“It still boggles my mind that this is the same guy who goes, and sits down in front of that TV, and in front of you all in Albany, lays it all out, smartly and ably,” Rivera said, praising the governor’s coronavirus performance. “And then he breathes in, and the next thing that comes out of his mouth, ‘And you got to let me cut the Medicaid system.’ ”
As part of the budget negotiations, the executive branch provided the state Senate with data showing how hospitals could be affected by the proposed cuts; each senator then received an email detailing the impact on hospitals in their districts, Rivera said.
Many of the hospitals that would be hurt by the cuts are so-called safety-net hospitals, which largely serve uninsured residents or people living in the country illegally, some of whom are considered susceptible to infection because of cramped living or work conditions.
Indeed, the brunt of the proposed cuts at St. Barnabas, where almost 90% of patients are partly covered by Medicaid, could come from reducing $7.7 million in Indigent Care Pool funds, grant money meant to reimburse hospitals for treating poor and uninsured patients for free.
Perlstein, who complimented Cuomo’s response to the coronavirus, said it was unconscionable to grapple with the prospect of a funding cut “when we’re 14 days from Armageddon.”
“Especially at a time I’m asking my staff to give it all,” said Perlstein, who has worked at the hospital for more than 20 years. “If these cuts remain, I have no way to survive as a hospital. I’m already walking a very fine line when it comes to revenue.”
Robert Mujica, the state budget director, said that it was “disingenuous” to scrutinize any individual hospital cuts without taking into account “the full picture” of other savings and efficiencies from the proposals, which he stressed are still being negotiated with the Legislature.
Asked about the proposals last week, Andrea Stewart-Cousins, the Senate majority leader, said the state should be looking for ways to “strengthen our system and not in any ways of undercutting it.”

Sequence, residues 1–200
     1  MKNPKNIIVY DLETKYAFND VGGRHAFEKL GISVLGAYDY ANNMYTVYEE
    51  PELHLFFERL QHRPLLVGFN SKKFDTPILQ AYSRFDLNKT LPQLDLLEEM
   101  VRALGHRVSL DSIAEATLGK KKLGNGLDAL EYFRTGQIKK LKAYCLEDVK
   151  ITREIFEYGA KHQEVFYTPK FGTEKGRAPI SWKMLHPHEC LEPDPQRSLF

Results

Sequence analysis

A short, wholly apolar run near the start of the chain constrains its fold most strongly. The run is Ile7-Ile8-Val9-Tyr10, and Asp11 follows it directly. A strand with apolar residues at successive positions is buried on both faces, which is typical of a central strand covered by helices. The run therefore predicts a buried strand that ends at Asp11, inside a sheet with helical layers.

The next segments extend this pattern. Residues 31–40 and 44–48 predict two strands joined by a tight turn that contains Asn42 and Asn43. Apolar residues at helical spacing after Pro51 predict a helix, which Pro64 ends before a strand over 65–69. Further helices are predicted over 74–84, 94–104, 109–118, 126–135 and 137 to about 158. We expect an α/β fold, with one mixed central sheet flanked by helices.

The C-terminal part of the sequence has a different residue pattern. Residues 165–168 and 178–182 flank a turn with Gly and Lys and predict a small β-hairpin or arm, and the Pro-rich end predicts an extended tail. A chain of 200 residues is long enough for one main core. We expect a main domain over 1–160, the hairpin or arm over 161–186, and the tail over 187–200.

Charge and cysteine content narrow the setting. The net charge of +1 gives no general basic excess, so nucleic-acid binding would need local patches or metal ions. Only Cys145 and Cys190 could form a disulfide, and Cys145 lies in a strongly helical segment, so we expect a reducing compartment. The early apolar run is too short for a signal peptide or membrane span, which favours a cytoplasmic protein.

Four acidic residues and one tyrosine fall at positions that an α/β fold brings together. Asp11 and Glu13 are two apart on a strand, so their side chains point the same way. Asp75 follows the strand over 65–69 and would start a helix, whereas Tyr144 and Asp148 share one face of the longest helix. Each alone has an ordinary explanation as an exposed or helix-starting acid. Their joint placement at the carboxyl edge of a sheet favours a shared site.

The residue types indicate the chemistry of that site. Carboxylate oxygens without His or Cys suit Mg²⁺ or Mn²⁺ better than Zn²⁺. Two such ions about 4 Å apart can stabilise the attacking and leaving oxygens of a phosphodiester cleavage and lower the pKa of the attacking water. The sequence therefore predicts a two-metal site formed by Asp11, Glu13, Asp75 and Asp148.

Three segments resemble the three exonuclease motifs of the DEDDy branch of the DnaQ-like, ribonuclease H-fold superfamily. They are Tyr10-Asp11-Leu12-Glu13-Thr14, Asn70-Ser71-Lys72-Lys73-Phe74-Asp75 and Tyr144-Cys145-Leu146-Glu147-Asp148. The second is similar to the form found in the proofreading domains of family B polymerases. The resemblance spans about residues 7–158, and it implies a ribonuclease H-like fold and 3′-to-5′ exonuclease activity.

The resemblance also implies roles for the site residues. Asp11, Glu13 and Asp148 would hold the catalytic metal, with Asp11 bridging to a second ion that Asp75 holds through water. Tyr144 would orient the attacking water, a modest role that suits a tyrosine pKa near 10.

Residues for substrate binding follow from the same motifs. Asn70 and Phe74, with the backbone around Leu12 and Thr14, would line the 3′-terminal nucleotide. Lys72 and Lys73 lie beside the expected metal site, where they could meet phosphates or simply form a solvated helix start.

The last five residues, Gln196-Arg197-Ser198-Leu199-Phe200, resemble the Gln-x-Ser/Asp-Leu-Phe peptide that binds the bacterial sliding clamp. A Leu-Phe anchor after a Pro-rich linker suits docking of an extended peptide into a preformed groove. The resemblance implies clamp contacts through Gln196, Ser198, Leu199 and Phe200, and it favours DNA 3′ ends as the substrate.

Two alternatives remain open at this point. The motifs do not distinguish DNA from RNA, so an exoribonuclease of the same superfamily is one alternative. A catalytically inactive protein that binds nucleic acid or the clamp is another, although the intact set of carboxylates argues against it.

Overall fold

Hoylman said he was hoping that the Medical Redesign Team might reconsider its recommendations, or at least delay their implementation, saying he was concerned about the “public messaging” of Albany looking to save money in the middle of crisis.
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Officials from New York City’s Health and Hospitals Corp. said that it was too early to judge the effect of the proposals on its 11 public hospitals, but that any consideration of cuts should be delayed until after the coronavirus crisis has subsided.
New York funds more than $1 billion a year in hospital charity care, designated for uninsured or underinsured patients. But the complicated formula used to distribute that aid to hospitals has come under fire because it often gives hospitals more money than they actually spend in charity care, while undercompensating others.
The changes proposed by the Medical Redesign Team are meant to more fairly allocate those grants.
The proposals would effectively result in lower charity care grants for about 60% of all New York hospitals, but they would increase grants for 20% of hospitals, according to Bill Hammond, the director of health policy at the Empire Center, a conservative think tank.
“This is classic health care financing,” Hammond said. “No matter what you do, you create winners and losers. In this case, there are more losers. People who were expecting more money, they’re not going to get it.”
This article originally appeared in The New York Times .